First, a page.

|What makes you yourself? How you are unique from
others? Because of your body, mind or memory?|
|Question Date: 2017-11-22|
That's a profound question. It's more of a
philosophy question because "self" doesn't really
have a scientific definition. Science is a
powerful way of understanding the world, but there
are some kinds of questions it can't answer.
I can say a bit about the brain, memories, and
personality. We know that damage to certain parts
of the brain, due to illness or injury, can change
a person's personality and take away their
memories. One famous example is a case of a
railroad worker in the mid-1800s. He was using a
long iron rod to pack explosive powder into a hole
and the powder went off, driving the rod through
the man's face and destroying most of the left
frontal part of his brain (here's his story
neurosciences and story ). He had been a nice
guy who was easy to get along with, but the injury
seemed to change him to a bad-tempered guy who
just wasn't the same person, according to his
Diseases like Alzheimer's can steal a
memory and cause people who have been confident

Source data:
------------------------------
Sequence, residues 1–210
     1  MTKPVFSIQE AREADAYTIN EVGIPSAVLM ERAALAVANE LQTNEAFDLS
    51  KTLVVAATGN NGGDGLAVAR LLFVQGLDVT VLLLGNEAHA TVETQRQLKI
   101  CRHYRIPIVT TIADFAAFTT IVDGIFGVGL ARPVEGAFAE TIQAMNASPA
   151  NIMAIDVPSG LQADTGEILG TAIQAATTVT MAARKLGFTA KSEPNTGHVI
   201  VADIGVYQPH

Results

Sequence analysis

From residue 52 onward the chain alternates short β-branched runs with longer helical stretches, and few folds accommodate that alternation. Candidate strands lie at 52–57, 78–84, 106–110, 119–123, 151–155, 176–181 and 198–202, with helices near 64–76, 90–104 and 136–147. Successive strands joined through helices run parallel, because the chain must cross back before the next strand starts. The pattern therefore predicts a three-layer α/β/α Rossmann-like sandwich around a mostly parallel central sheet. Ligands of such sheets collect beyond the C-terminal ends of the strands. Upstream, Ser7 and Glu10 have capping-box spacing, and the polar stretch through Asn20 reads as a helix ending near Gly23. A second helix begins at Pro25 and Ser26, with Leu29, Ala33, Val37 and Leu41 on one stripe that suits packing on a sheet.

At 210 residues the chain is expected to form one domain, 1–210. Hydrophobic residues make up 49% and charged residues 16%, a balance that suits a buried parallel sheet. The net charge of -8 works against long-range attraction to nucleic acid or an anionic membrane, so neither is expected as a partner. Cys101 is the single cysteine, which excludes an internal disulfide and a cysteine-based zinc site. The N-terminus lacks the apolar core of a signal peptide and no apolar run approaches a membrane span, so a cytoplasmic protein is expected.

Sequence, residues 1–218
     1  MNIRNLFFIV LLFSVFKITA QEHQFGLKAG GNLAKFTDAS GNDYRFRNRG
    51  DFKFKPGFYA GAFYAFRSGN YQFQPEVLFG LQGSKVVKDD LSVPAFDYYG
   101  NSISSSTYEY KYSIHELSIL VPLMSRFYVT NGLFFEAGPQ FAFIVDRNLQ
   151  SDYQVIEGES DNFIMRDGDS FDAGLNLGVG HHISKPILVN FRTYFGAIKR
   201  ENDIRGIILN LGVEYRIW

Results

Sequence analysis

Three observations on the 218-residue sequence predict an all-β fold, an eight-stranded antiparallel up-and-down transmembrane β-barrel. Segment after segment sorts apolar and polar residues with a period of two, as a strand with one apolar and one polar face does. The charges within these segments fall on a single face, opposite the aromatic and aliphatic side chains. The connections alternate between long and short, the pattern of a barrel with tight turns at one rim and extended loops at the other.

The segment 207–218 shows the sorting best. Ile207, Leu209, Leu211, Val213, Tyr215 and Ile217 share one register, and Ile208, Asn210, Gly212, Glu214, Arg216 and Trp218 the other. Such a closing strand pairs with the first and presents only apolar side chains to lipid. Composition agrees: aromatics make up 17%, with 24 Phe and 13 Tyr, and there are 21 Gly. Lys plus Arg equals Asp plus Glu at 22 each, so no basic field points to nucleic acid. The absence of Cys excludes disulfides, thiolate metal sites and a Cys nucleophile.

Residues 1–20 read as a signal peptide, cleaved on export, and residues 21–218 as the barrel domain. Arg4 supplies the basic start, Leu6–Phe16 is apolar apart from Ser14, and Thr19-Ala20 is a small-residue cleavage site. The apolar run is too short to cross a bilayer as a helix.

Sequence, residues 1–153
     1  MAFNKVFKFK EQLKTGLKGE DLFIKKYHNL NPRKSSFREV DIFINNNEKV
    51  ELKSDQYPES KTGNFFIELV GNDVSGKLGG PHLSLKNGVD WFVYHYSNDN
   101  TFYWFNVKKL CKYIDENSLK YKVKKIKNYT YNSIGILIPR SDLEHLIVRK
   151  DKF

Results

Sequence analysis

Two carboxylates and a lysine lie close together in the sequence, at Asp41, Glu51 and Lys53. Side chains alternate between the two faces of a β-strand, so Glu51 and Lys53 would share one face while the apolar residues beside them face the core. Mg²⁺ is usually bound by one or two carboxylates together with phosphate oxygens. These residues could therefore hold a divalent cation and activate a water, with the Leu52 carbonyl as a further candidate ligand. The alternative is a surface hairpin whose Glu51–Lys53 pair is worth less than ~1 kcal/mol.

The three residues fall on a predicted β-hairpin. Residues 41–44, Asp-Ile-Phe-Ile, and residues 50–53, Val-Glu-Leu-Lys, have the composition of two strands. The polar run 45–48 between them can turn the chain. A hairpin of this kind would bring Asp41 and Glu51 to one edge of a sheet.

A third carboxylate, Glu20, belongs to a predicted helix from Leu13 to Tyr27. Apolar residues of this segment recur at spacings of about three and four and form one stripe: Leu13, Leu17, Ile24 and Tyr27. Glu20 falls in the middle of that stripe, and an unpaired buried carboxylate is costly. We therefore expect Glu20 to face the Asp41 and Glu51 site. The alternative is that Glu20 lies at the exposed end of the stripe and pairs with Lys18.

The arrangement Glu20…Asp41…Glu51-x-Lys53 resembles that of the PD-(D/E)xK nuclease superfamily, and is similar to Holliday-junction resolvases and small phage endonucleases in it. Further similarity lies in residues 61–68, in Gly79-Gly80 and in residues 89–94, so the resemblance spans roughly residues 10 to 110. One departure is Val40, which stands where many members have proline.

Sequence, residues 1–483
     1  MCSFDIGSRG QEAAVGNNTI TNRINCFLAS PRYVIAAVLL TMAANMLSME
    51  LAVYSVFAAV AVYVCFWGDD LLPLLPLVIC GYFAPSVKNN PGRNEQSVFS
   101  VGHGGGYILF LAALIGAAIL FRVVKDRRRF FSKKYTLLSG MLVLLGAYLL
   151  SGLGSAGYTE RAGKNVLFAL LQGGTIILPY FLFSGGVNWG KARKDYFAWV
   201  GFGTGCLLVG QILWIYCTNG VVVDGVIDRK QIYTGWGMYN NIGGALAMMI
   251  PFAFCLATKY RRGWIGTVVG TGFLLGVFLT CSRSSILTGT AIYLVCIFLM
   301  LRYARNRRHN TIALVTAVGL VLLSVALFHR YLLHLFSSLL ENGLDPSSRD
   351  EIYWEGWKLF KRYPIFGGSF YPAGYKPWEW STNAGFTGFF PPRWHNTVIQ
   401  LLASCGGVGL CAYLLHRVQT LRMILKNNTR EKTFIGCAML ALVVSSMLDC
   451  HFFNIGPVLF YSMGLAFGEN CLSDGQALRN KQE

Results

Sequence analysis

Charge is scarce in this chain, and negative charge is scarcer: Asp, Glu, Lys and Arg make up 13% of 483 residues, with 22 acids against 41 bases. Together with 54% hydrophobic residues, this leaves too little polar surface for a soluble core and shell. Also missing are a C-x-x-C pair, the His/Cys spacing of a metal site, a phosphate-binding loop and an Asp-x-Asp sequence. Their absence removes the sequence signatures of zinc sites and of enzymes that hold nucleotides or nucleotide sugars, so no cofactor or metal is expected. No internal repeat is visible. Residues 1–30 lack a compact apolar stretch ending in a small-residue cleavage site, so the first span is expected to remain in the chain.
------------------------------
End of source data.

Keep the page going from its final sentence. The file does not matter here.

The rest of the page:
and trusting into suspicious, fearful people who
think their loved ones are trying to harm them.
Sometimes people with brain damage will have good
days, when they seem more "themselves." So perhaps
there is a part of their personality that is still
So what do you think? How might the answer
influence medical or legal decisions? If this
kind of question interests you, you may want to
study the philosophy of science.
Thanks for asking,
That is an interesting question Vishnav, and
likely has different answers depending on who you
ask. As individuals we all have different bodies
and brains. Even identical twins, while they have
the same DNA, have different experiences that lead
to different memories. So I would say all three
things make us individuals.
How do WE know we are individuals?
Cognitive neuroscientist are trying to understand
the regions of the brain that give us the sense of
“self”. These studies are very interesting
but something I know little about! Here is a link
to a Wikipedia page that you may find helpful.
neural basis of self
The answer is "yes", all of them (body, mind,
memory)make you yourself. No two humans are
completely alike genetically (not even identical
twins, thanks to mutation). On top of that,
you have different experiences and memories. All
of these things contribute to who you are.
I believe that it is still actively debated what